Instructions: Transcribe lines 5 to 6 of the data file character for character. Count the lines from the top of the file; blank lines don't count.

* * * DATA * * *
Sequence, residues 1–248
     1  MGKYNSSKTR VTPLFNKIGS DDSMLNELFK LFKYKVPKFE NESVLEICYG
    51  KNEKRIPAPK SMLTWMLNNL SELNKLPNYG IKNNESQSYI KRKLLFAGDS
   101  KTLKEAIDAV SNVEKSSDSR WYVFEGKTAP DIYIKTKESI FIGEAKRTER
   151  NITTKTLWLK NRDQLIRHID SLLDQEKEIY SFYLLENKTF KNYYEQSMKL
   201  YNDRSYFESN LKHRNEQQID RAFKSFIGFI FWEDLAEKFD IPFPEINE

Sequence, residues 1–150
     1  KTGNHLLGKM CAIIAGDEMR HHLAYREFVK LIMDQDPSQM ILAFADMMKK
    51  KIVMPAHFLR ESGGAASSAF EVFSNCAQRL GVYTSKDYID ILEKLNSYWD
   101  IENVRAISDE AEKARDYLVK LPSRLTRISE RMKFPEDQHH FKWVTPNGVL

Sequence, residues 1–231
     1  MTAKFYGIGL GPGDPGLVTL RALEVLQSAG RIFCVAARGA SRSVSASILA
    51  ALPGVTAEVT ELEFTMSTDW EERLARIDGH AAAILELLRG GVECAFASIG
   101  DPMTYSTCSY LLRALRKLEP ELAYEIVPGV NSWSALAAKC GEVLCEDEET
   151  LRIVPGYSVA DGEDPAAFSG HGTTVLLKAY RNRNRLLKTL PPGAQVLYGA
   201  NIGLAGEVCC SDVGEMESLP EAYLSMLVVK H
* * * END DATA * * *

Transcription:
   151  NITTKTLWLK NRDQLIRHID SLLDQEKEIY SFYLLENKTF KNYYEQSMKL
   201  YNDRSYFESN LKHRNEQQID RAFKSFIGFI FWEDLAEKFD IPFPEINE